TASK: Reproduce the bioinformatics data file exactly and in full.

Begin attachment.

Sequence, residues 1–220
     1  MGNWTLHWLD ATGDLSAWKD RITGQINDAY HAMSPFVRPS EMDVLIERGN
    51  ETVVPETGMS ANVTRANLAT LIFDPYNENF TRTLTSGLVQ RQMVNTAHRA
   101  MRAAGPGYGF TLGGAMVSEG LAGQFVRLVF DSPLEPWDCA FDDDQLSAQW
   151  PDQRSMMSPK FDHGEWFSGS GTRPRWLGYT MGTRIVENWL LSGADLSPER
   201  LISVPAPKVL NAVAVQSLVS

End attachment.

Sequence, residues 1–220
     1  MGNWTLHWLD ATGDLSAWKD RITGQINDAY HAMSPFVRPS EMDVLIERGN
    51  ETVVPETGMS ANVTRANLAT LIFDPYNENF TRTLTSGLVQ RQMVNTAHRA
   101  MRAAGPGYGF TLGGAMVSEG LAGQFVRLVF DSPLEPWDCA FDDDQLSAQW
   151  PDQRSMMSPK FDHGEWFSGS GTRPRWLGYT MGTRIVENWL LSGADLSPER
   201  LISVPAPKVL NAVAVQSLVS